Speaking of Chomsky, I should add for the record, that he admitted that

the United States was not, however, lacking in compassion for the poor. For example, in the mid-1950s, our ambassador to Costa Rica recommended that the United Fruit Company, which basically ran Costa Rica, introduce “a few relatively simple and superficial human interest frills for the workers that may have a large psychological effect.” Secretary of State John Foster Dulles agreed, telling President Eisenhower that to keep Latin Americans in line, “you have to pat them a little bit and make them think that you are fond of them.”

More quotes from What Uncle Sam Really Wants:

We’ve [i.e. the USA] consistently opposed democracy if its results can’t be controlled. The problem with real democracies is that they’re likely to fall prey to the heresy that governments should respond to the needs of their own population, instead of those of US investors.

Throughout this process, the US press followed Washington’s lead, selecting villains in terms of current needs. Actions we’d formerly condoned became crimes. … The press also began passionately denouncing human rights violations that previously didn’t reach the threshold of their attention. .

If you want a global system that’s subordinated to the needs of US investors, you can’t let pieces of it wander off. It’s striking how clearly this is stated in the documentary record – even in the public record at times. Take Chile under Allende. Chile is a fairly big place, with a lot of natural resources, but again, the United States wasn’t going to collapse if Chile became independent. Why were we so concerned about it? According to Kissinger, Chile was a “virus” that would “infect” the region with effects all the way to Italy.

What Uncle Sam Really Wants was published in 1993, and those of you who have lived all your lives in the USA may not even believe its descriptions about US activities in Nicaragua, Panama and el Salvador. But here in Europe the events referred to in the book were known at the time.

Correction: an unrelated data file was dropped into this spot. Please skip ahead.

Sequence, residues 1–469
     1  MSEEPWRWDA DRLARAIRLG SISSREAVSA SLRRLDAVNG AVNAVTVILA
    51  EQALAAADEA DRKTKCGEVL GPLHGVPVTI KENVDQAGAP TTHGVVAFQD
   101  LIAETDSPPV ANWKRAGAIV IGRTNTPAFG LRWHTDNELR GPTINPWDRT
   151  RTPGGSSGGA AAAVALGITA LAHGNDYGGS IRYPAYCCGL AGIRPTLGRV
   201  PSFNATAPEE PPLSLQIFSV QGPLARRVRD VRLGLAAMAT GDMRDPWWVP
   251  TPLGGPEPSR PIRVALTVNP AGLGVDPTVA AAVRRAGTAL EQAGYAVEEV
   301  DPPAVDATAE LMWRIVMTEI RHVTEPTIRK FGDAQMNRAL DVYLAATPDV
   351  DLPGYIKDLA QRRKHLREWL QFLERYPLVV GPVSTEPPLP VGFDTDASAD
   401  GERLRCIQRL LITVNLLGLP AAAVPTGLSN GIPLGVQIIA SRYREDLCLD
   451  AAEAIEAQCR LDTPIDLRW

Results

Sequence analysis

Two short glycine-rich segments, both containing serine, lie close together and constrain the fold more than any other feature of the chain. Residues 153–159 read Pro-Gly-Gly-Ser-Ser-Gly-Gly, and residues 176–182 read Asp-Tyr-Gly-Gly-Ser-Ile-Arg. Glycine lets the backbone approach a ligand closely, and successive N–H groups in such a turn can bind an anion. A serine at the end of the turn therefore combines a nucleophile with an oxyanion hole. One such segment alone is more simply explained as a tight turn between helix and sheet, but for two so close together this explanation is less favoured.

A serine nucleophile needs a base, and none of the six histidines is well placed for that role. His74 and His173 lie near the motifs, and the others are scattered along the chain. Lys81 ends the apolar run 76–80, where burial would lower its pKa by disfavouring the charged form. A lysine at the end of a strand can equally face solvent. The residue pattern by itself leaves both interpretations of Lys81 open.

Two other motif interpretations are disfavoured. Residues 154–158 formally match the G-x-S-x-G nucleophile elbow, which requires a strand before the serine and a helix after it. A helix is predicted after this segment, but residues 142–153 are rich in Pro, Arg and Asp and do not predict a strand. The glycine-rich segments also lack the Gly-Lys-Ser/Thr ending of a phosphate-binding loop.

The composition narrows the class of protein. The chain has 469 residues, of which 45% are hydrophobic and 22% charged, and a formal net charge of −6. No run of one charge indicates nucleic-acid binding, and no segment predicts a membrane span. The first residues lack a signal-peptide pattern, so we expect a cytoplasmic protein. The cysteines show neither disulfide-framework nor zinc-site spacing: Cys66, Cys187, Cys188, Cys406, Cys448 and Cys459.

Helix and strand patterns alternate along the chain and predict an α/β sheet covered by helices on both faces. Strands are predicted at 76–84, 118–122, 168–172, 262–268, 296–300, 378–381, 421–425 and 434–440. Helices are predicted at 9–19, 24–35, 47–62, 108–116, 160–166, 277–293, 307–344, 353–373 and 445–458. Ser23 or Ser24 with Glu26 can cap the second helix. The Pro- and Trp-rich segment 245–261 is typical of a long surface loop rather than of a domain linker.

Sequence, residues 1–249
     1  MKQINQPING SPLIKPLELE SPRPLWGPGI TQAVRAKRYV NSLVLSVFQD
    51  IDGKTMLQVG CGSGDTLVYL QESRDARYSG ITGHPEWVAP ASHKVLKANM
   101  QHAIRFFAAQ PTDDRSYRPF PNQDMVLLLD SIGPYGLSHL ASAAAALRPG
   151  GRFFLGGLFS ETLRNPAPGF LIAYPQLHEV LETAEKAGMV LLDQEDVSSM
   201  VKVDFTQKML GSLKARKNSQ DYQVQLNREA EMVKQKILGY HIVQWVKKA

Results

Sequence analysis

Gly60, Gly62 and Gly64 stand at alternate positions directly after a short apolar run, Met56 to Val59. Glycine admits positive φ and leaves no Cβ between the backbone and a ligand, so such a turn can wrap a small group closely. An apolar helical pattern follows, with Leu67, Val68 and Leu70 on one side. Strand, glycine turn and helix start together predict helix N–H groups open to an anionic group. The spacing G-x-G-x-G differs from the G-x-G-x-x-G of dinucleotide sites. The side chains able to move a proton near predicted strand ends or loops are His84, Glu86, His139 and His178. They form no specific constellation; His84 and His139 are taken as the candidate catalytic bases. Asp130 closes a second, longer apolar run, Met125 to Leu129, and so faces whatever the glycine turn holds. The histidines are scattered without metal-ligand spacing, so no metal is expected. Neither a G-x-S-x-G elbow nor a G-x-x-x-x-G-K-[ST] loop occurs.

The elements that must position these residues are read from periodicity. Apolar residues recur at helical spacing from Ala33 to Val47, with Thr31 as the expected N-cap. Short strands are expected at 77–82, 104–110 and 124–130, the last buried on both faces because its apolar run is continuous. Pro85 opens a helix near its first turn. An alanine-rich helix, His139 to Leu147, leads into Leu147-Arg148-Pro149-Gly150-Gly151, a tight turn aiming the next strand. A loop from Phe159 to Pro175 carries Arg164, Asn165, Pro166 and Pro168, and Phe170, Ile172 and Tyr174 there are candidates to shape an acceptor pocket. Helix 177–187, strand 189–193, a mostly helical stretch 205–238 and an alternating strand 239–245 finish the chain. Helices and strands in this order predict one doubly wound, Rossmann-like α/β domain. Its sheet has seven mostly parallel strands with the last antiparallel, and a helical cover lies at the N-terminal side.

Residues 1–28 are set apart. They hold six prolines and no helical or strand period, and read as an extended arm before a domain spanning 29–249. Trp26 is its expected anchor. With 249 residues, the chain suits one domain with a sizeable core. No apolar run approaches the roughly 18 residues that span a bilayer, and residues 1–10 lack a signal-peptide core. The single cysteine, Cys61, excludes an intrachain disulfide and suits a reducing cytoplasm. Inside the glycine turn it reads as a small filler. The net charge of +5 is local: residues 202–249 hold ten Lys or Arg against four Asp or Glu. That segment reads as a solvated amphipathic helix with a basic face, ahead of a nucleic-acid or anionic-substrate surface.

You may want to believe that things have improved since 1993. Maybe they have, though I very much doubt it. With Julian Assange behind bars, the cowed Western press has been brought to heel and obediently trots alongside its masters. Their job is no longer to expose but to justify US activities, and to kowtow to US global leadership, whatever that leadership may involve. So we don’t know, do we, what is going on behind the scenes.

I conclude by adding two items from today’s news (i.e. 7 December 2022):

The Biden administration told a US judge last week that Mohammed bin Salman, the Saudi crown prince, should be granted immunity in a civil lawsuit over his role in the murder of Saudi journalist Jamal Khashoggi. That decision effectively ends one of the last efforts to hold the prince accountable for Khashoggi’s assassination by a Saudi hit team inside the kingdom’s consulate in Istanbul in October 2018. (Source: Guardian)

The United States is opposed to the International Criminal Court’s proceedings against Israel, State Department Spokesman Ned Price said after Al Jazeera filed a legal brief asking the Hague to include the shooting death of its veteran Palestinian-American correspondent Shireen Abu Akleh within its larger investigation against the Jewish state. “When it comes to the ICC, we maintain our longstanding objections to the ICC’s investigation into the Palestinian situation,” Price said told reporters in Washington in response to a direct question about Abu Akleh’s death. (Source: Jerusalem Post)

Rule-of-law, US style, as usual.